The Texas Advanced Computing Center (TACC) at The University of Texas at Austin, along with technology partners Hewlett-Packard and NVIDIA, today announced that in January 2014 they will deploy Maverick, a powerful, high-performance visualization and data analytics resource for the open science and engineering community.
Explore UT, a campus community engagement event held each March, invites the public to experience UT.
"When girls think of computer science, they think of the gamers and sitting in a cubicle to program," says Cassidy Lamm, a sophomore at the U. of Alabama at Tuscaloosa. "But I've found that you can do so much more with it."
Lecia Barker, professor in UT’s School of Information, recently received a $1 million grant from the National Science Foundation to increase women’s involvement in information technology.
UTCS’s student group Women in Computer Science (WiCS) has renamed their "iPals" mentoring program to the Nell Dale Mentor Program.
When it comes to the technology industry, women are an endangered species.
The number of women entering computer science and information technology fields is dramatically lower than their male counterparts, and the figure is shrinking. Take a ride up the corporate ladder, and the numbers get even smaller.
The tenth annual First Bytes Summer Camp, sponsored by UTCS, kicked off on June 17 on the university campus.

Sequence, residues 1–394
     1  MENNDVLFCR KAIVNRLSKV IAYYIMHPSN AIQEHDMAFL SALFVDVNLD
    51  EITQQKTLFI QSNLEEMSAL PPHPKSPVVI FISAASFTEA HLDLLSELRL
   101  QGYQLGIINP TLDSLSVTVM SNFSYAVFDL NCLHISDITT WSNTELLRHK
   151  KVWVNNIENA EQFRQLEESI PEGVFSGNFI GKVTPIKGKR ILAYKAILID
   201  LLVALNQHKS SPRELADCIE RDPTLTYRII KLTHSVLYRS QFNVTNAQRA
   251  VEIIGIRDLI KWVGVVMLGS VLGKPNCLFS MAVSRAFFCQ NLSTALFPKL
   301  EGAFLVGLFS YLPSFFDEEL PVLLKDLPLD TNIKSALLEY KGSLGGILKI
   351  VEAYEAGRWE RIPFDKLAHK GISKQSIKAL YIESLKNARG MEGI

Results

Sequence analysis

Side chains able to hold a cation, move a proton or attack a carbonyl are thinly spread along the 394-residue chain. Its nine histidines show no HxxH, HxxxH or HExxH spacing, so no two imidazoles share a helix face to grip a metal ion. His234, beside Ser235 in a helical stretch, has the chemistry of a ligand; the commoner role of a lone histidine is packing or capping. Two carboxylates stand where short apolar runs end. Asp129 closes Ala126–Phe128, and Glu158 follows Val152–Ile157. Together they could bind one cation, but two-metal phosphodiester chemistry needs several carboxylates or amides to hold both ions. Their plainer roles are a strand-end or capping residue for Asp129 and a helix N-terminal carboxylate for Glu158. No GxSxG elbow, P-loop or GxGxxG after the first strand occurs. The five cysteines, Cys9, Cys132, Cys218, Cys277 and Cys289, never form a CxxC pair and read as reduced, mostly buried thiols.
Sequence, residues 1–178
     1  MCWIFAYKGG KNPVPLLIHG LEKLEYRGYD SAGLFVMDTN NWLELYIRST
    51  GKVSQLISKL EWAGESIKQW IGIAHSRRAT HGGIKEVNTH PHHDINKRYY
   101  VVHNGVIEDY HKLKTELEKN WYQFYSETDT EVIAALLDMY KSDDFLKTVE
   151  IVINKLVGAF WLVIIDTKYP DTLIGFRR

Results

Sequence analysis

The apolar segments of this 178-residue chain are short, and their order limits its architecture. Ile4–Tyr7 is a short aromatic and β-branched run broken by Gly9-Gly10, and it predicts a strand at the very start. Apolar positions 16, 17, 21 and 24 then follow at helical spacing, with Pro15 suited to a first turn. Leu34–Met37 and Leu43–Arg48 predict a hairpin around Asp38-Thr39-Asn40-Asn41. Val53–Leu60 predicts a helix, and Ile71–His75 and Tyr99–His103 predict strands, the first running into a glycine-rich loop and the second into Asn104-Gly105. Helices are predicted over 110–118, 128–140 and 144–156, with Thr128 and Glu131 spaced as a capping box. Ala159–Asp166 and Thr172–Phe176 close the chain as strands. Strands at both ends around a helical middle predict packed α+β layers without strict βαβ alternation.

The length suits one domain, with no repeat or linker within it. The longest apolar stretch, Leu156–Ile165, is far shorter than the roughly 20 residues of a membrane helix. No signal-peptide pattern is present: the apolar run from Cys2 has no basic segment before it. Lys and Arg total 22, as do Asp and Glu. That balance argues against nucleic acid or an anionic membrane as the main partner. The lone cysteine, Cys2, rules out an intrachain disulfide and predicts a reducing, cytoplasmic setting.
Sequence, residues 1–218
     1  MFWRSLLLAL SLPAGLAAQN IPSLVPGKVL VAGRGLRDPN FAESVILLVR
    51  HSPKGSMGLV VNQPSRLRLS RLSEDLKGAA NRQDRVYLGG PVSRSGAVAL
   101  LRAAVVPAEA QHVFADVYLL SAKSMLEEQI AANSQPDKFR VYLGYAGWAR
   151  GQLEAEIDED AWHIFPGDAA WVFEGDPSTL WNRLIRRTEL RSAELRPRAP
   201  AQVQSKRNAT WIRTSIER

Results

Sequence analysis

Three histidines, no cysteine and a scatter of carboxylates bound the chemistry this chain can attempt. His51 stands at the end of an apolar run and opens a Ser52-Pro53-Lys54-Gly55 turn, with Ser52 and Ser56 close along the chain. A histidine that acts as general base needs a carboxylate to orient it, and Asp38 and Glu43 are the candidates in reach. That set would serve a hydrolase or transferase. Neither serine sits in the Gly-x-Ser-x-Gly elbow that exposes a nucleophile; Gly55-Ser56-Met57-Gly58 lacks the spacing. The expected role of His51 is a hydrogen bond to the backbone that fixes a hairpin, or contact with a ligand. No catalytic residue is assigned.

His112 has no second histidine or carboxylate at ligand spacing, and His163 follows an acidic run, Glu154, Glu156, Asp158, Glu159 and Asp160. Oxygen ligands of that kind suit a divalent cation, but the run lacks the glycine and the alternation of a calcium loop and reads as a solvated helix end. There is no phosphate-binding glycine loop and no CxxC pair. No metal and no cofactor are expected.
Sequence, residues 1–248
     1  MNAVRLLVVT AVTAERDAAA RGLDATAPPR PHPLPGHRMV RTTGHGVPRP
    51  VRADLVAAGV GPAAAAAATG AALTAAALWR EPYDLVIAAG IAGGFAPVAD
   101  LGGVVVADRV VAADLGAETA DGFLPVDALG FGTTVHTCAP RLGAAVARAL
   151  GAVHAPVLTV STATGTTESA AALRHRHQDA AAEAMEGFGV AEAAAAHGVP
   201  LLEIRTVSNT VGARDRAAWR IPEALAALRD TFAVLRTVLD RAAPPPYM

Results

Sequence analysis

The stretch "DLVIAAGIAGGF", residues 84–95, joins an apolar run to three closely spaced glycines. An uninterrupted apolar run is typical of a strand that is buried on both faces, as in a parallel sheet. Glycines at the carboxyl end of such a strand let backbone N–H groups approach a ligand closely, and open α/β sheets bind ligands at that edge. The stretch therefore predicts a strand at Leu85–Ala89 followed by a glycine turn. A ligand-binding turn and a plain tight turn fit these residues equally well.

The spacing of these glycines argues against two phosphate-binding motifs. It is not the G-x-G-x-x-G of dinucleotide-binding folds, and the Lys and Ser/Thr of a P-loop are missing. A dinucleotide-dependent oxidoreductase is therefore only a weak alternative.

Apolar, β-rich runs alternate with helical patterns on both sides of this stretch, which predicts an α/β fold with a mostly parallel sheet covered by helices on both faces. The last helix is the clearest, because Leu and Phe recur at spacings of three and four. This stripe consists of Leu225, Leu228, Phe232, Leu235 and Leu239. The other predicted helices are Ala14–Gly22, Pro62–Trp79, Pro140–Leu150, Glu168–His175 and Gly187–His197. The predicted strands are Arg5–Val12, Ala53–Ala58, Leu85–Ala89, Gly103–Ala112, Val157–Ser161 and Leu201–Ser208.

The free, weeklong camp showcases the potential of a rewarding career in technology to selected Texas high school girls. Campers work together on programming language labs and logic games, see surgical robots in action, meet professional computer scientists, get career mentoring, play games, enjoy campus life and get a taste of what it’s like to have a fascinating, well-paying job.
Explore UT, a campus community engagement event held each March, invites the public to experience UT. Thousands of people explored the UTCS program, discovering the fun of computer science, engaging in artificial intelligence, software programming, gaming, graphics and visualization, and chatting with academic advisers.
This year, university and high school students learned more about software development, computer programming and, perhaps, their future careers through events generously funded by FoCS partners Yahoo!, Lockheed Martin, ConocoPhillips and Schlumberger.
BOULDER, Colo., Oct 24, 2011 (BUSINESS WIRE) -- A new program designed to radically improve the number of women in technology and computing is creating accelerated results for its participants, according to an announcement today from the National Center for Women & Information Technology (NCWIT).